Your coaches want to out-coach every coach in the competition.

Your team manager wants to out-manage every manager in the competition.

Everyone strives to be the best in their role….the cumulative effect resulting in excellence across every aspect of your organisation.

Winning cultures grow when one person or a small group of people make the commitment to consistently out prepare, in every way, their opposition.

You can’t force a winning culture. You can’t run a motivation session and make it happen. You can’t buy t-shirts with slogans on them and turn your culture into a winning culture.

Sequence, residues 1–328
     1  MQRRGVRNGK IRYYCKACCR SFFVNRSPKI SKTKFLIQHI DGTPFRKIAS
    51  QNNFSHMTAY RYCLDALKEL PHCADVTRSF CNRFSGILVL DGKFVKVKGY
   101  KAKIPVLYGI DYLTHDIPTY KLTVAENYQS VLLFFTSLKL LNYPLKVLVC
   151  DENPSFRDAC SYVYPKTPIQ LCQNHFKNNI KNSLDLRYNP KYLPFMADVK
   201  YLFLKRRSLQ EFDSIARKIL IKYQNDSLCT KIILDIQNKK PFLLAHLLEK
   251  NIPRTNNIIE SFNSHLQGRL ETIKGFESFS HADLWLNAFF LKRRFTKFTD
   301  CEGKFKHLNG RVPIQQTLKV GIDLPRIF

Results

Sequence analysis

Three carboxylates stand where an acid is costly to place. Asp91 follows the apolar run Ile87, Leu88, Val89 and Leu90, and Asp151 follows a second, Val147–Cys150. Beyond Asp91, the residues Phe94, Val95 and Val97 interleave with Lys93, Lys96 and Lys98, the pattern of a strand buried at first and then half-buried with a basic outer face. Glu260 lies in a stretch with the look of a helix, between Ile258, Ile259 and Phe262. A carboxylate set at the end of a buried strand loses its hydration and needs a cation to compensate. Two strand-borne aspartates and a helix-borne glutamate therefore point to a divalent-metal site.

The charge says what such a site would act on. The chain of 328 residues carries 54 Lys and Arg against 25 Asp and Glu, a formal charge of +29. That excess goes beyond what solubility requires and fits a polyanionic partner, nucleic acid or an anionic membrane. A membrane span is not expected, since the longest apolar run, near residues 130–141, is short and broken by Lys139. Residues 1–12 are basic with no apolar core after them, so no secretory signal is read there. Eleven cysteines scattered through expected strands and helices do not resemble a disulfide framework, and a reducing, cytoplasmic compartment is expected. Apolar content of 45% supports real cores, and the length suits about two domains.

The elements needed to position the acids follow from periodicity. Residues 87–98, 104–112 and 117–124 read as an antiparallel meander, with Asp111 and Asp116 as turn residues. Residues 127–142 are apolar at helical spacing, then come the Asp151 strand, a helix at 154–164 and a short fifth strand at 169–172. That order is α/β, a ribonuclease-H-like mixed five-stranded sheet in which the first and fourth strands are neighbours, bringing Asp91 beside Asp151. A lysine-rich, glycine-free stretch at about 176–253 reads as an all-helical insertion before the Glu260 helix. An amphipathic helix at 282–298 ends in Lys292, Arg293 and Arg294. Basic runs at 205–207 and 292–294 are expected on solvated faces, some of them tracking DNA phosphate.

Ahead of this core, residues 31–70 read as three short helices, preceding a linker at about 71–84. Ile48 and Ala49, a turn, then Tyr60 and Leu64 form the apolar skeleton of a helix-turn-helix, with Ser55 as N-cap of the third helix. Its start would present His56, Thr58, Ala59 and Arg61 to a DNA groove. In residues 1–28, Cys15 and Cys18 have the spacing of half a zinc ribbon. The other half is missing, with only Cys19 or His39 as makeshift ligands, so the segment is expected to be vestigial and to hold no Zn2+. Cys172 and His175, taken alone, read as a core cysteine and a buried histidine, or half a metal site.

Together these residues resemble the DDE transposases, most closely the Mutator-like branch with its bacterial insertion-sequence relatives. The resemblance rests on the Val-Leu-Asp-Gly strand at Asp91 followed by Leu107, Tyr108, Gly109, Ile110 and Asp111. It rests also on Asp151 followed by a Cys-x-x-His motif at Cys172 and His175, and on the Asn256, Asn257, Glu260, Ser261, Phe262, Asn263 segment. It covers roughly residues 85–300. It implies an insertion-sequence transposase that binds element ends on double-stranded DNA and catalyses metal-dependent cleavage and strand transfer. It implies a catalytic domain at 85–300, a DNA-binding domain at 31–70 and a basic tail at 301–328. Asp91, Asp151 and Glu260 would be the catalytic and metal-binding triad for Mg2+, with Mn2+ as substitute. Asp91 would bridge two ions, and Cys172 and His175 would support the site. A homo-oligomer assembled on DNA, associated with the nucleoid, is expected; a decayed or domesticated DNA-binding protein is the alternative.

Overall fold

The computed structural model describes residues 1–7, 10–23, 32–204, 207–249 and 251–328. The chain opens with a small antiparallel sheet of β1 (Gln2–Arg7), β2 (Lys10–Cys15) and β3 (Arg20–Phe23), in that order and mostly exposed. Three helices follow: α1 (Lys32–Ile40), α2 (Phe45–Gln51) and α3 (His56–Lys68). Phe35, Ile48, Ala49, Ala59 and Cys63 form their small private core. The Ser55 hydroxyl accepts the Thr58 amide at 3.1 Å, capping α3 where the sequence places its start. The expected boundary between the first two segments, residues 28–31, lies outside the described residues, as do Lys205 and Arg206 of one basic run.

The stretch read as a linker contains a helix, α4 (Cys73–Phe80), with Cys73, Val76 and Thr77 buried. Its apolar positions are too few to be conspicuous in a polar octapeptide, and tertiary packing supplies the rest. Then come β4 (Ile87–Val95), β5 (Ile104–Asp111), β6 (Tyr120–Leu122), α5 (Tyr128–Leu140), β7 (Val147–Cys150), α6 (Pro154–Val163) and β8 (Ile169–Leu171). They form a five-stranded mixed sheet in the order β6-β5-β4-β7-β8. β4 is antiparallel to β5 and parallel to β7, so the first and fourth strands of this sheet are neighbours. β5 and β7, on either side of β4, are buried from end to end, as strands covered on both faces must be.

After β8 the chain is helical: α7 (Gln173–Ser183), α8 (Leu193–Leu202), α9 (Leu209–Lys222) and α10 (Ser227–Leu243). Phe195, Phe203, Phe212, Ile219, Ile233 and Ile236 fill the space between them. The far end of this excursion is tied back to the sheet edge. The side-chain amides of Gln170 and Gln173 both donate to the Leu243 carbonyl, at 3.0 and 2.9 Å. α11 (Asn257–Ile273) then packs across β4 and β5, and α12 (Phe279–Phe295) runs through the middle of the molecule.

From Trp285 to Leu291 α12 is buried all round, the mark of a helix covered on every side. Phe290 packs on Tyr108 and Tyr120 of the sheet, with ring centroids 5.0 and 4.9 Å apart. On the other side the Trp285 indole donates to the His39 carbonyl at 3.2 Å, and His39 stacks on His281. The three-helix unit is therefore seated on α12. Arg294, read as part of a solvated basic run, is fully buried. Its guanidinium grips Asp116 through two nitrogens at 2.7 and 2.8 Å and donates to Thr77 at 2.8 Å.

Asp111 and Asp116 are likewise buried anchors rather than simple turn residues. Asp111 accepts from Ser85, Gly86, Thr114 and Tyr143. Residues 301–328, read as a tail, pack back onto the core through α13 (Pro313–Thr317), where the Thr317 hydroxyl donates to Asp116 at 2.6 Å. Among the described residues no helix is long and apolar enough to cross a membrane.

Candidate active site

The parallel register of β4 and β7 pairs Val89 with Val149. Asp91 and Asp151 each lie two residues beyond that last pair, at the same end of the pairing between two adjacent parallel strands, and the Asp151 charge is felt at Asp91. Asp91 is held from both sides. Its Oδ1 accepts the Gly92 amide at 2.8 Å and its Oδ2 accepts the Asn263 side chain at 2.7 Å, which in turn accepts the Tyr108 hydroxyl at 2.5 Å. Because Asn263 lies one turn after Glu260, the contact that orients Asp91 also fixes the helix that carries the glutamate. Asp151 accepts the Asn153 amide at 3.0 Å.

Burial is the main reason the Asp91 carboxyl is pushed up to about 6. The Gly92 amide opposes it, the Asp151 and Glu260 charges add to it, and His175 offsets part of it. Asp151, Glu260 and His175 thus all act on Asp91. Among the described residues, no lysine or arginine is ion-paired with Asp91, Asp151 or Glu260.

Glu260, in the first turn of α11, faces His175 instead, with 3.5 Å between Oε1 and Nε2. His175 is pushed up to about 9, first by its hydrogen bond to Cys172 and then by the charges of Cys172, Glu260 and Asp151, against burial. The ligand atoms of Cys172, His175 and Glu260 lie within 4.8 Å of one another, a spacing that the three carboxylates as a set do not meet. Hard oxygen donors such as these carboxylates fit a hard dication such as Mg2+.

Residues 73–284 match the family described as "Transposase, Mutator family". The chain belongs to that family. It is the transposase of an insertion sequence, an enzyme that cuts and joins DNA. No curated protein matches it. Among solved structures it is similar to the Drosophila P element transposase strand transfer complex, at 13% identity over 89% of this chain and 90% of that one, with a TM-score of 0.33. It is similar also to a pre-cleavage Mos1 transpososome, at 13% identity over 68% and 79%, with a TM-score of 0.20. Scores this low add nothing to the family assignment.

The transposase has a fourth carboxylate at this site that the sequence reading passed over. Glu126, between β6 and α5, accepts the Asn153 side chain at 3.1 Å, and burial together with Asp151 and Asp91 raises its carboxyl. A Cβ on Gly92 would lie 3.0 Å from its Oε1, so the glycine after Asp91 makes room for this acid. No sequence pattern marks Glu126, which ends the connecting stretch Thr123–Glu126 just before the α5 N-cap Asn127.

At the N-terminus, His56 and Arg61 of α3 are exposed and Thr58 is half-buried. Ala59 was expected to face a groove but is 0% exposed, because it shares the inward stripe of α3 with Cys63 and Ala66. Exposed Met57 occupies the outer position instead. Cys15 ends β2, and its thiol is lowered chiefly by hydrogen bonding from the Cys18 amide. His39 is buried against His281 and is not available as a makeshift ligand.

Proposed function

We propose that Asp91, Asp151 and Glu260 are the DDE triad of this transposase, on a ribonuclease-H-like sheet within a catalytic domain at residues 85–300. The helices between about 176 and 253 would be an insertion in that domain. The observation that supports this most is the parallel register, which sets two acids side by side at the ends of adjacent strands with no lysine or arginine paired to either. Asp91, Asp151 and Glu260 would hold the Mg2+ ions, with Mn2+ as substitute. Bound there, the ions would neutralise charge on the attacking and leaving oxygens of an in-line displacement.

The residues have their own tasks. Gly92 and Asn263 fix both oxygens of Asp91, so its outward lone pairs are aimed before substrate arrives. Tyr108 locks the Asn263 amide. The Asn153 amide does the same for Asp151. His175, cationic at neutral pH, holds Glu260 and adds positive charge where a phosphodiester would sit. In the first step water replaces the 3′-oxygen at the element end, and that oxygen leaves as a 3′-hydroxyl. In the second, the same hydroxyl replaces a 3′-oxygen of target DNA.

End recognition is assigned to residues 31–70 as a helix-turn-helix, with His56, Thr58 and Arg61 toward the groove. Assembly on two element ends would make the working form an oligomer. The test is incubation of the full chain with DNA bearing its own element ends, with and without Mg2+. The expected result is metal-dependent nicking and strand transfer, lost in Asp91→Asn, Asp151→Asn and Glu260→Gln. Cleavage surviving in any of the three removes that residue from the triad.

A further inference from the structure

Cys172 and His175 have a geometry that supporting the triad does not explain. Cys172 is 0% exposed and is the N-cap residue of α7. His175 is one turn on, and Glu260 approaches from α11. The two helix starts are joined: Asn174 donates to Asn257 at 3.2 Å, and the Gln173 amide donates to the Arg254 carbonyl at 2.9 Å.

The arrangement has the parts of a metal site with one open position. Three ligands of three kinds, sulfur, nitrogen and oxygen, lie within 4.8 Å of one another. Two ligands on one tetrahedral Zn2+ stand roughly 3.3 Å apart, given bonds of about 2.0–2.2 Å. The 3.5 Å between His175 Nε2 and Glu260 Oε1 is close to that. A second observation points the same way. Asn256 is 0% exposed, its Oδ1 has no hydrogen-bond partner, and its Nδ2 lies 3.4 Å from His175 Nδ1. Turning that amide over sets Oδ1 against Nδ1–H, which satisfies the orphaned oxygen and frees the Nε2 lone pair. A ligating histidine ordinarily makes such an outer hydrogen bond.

All it takes is one person.

It starts with one person: one person with a complete sense of engagement and the absolute motivation to do whatever it takes to be the best.

In other words, it starts with you, coach.  It starts with your own engagement and motivation and with your ability to provide the environment for others to be similarly engaged and motivated: it starts when you make the commitment to “win the workout”.

 

Summary:

  1. Workouts do not win: athletes win by winning the workouts.
  2. Winning the workouts is a culture: a core philosophy which, if embraced by everyone in your program, is an unstoppable force.
  3. Creating and sustaining a winning culture: one which is built on the win the workout philosophy begins and ends with the coach and the coach’s ability to create an environment where engagement and motivation are the central, driving forces behind success.

 

Wayne Goldsmith